2010 Annual Report
Planned the final phase of 2-D chamber experiments which will be use of HDPE and VIF treatments in chamber studies using local (UC Riverside) soil to study 1,3-D and chloropicrin emissions under drip irrigation. This experiment will serve as a bridging study between the field plot studies (carried out Summer 2009 on UC Riverside campus), and the laboratory studies using the Buttonwillow soil. Completion of all chemical analysis from Summer 2009 raised-bed field study samples (XAD4 and charcoal tube samples). The analysis of all associated data has been completed. Finalized the analysis and interpretation of data from Summer 2009 raised-bed field study.
Modified a finite difference solution to water, fumigant and heat transport to allow simulating field relevant conditions. The modifications include the addition of a second-order reaction process to enable simulating the reaction of ammonium thiosulfate (C_ats) with 1,3-D and chloropicrin. Second-order reaction was implemented by adding the following equation to the finite difference solution: dC/dt = -k12 C C_ats, where C is the fumigant concentration and k12 is the second-order reaction term. For preliminary testing, a value for k12 was obtained from experiments reported in the literature. Experiments are being conducted to obtain the k12 value for the Buttonwillow soil.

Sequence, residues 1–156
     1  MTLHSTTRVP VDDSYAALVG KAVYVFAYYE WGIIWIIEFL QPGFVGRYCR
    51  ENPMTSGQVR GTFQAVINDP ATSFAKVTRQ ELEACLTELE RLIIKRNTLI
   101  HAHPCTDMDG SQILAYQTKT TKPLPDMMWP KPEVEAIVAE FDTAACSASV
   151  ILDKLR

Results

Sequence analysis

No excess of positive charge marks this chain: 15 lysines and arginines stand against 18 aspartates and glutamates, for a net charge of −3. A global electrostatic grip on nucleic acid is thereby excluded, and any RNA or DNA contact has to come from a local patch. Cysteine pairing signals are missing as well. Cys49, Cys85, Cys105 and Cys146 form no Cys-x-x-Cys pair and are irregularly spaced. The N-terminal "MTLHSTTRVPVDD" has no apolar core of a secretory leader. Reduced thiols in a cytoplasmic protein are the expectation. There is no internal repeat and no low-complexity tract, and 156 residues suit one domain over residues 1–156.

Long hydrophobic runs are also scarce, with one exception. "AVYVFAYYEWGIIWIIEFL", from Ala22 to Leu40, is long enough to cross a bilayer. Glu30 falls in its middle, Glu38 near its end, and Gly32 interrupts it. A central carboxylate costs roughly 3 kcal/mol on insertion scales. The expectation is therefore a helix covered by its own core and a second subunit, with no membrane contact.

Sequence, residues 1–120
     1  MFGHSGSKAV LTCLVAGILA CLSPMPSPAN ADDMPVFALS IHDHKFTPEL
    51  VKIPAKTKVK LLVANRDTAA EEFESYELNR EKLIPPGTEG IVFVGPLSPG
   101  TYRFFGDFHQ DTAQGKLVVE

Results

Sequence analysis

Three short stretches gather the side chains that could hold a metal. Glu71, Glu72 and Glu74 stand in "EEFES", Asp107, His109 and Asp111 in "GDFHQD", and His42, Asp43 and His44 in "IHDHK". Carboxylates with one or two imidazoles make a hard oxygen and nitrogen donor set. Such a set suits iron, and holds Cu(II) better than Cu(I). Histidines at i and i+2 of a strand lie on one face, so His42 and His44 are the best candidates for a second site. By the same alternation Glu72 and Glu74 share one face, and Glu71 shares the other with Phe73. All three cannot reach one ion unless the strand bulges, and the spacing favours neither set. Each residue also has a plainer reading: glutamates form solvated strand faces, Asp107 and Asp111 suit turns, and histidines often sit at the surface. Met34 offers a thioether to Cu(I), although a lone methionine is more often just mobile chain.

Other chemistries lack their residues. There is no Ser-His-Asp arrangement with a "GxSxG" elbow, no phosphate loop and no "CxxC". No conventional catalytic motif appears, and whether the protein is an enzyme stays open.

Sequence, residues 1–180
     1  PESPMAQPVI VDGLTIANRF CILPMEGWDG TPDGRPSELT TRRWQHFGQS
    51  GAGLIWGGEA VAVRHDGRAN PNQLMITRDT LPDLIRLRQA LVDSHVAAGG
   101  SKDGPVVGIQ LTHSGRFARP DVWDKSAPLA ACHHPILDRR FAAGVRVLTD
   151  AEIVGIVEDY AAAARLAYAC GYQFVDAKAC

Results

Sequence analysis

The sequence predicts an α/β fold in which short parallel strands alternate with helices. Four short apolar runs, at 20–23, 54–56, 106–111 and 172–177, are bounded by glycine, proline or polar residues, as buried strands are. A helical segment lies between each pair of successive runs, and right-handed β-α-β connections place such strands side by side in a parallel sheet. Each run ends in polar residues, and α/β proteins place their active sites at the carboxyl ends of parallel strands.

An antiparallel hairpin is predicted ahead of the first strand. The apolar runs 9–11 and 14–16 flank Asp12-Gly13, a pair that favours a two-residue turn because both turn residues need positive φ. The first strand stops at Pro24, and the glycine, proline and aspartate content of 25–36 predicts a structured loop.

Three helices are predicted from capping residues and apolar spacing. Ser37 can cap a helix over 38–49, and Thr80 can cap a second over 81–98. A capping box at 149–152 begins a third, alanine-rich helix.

The computer code was also modified to allow changes in soil and chemical properties with depth. This is needed to simulate the addition of organic material into the surface soil layer, since high degradation rates were observed in the upper 15 cm, compared to degradation below.
The model was fully tested by comparing to existing analytical solutions (Yates, 2009) and by comparing simulations of water transport, heat transport and chemical transport with Hydrus 1D and/or Hydrus 2D. The comparisons demonstrate that the finite difference solution was correctly programmed and implemented.
Simulations were conducted that compared emission rates for point and shank injection. Accurate comparisons require that the simulation reflect the actual conditions that occurred during the laboratory and field study. It was found that shank injection produced more accurate emission profiles compared to point injections. For shank injection, the presence of a soil fracture leads to more spreading and higher emissions.
This research provides important information on obtaining emission estimates in a cost-effective manner.